While Milan Fashion Week served to confirm a number of the trends already seen at the London shows, designers also offered up a number of noteworthy new directions.
If there was further need for confirmation that utility is set to be one of spring 16’s biggest trends, then the Milan shows provided it. Multi-pocketed safari-style jackets in khaki and green were seen at Antonio Marras and Missoni, while Canali’s cornflower blue version felt fresh and modern. Though they may be too directional for most shoppers, the cotton boiler suits seen at Bottega Veneta (and Christopher Raeburn in London) provide an alternative way to work the look.
White is a quintessential summer colour, so it was no surprise to see it play a big part in so many of this season’s collections. What was striking, however, was the number of all-white looks on the Milan runways. While bright, optic white may be a bit too bold for the majority of British men, softer creams and stone shades offer a more understated take.
A slightly more feminine vibe crept into this season’s menswear, and nowhere was this more obvious than in Alessandro Michele’s collection for Gucci, where flowers were printed onto suits and embroidered onto lacy shirts. Dolce & Gabbana and Vivienne Westwood gave florals an oriental feel, while at Antonio Marras a more botanical, jungle-inspired print fed into spring’s safari trend.
And so to bed
As we’ve learnt from London designers such as JW Anderson and YMC, relaxed tailoring is big news for spring 16. In Milan, this was taken to the next level with the pyjama-style suits seen at Giorgio Armani and Gucci. Buyers can nod to the trend with unlined, unstructured jackets, or with louche silky shirts such as this one by Brioni.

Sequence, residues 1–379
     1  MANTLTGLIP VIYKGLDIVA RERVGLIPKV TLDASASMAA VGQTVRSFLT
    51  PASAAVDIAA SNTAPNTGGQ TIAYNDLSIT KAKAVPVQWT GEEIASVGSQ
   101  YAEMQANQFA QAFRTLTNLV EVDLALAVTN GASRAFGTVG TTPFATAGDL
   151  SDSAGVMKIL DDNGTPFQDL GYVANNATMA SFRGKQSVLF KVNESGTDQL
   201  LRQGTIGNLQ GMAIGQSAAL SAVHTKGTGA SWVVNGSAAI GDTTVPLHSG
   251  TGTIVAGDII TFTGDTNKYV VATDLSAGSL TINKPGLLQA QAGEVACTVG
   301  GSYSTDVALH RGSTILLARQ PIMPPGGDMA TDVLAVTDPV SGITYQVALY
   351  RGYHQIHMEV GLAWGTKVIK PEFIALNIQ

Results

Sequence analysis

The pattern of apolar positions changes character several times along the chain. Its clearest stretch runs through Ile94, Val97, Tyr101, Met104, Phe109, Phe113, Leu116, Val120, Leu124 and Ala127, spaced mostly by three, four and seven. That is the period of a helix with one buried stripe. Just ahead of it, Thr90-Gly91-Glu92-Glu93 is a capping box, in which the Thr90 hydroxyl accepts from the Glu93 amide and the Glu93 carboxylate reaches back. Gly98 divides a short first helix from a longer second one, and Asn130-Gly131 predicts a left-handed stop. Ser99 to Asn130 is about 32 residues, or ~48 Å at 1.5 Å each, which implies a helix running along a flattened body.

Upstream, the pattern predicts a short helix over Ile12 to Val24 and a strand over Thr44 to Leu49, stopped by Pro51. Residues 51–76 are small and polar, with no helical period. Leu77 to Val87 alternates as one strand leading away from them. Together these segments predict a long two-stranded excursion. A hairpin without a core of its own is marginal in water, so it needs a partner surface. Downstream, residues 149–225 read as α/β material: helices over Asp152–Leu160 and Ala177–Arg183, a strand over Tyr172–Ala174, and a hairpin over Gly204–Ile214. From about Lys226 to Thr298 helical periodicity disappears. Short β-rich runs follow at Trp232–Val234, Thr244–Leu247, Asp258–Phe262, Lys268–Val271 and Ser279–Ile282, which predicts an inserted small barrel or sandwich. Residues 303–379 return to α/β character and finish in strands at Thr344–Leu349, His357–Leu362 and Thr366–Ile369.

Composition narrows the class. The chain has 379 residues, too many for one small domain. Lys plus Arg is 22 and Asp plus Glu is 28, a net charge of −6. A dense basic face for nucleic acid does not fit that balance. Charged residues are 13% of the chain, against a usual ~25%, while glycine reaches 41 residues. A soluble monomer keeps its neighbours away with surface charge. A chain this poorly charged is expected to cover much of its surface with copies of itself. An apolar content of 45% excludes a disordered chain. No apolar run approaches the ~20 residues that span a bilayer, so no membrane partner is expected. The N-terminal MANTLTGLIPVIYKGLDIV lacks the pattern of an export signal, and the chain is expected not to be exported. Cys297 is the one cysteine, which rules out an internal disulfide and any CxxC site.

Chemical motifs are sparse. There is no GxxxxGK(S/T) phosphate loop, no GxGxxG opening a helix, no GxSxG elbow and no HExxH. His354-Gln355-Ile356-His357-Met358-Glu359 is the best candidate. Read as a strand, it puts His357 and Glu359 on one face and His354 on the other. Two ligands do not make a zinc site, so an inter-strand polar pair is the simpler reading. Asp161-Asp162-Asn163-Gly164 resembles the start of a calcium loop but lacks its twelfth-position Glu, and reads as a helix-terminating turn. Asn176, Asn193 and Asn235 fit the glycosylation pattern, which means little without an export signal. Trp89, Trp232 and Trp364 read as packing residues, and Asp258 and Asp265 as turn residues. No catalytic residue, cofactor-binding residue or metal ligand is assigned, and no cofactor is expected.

Amid the bright colour and cheerful prints, Milan designers used a palette of sombre greys to lend a refined air to their collections. As in London, where smoky shades were seen at shows including Margaret Howell, Duchamp and Burberry Prorsum, the most effective looks utilised tonal greys to create a head-to-toe look. Textured pieces, such as Daks’ ribbed polo-neck knit, add further interest.
In the pink
As with florals, the profusion of pink pieces spotted in Milan ties into a more general trend towards femininity in this season’s menswear. Buyers should look for pale, dusky hues, such as that of Ermanno Scervino’s luxurious suede shirt, which will have far wider appeal than the brighter shades seen at Damir Doma and Etro.
Whatever the weather
Whether to provide warmth through tricky trans-seasonal periods or to protect from summer showers, the move towards lightweight, technical outerwear is one of the more practical trends to emerge from the spring 16 shows. Jil Sander’s anorak and Emporio Armani’s navy neoprene parka would translate easily to the high street, while Brioni’s multicoloured number makes more of a statement.
Although metallics are more commonly found in the autumn collections, Milan designers found a variety of ways to make their spring ranges shine. At Jil Sander, this came through the use of glossy PVC, which was crafted into shorts, coats and blazers. At Fendi, a burnished bronze T-shirt that looked to be made from liquid metal was balanced out by simple grey trousers and a suede jacket.
Layering is always a key part of spring dressing, and this season that was reflected on the runways in short-sleeved knits and sweatshirts. Whether worn over shirts as at Brioni and Canali or alone like the woven pieces at Pringle of Scotland, these stylish transitional pieces provide a summery twist on winter staples, and should appeal to more trend-conscious customers.
Say it with stripes
When it comes to pattern, stripes dominated the Milan runways, as they did in London, where they were spotted at Agi & Sam, Lou Dalton and Oliver Spencer, among others. At Moncler Gamme Bleu’s preppy, rowing-inspired show almost every look featured stripes of some form, with many built from layers of stripy pieces – gilets, ties, blazers and jackets all featured the print. While this is undeniably a bold look, striped T-shirts and knits such as those seen at Salvatore Ferragamo and MSGM are much more commercial.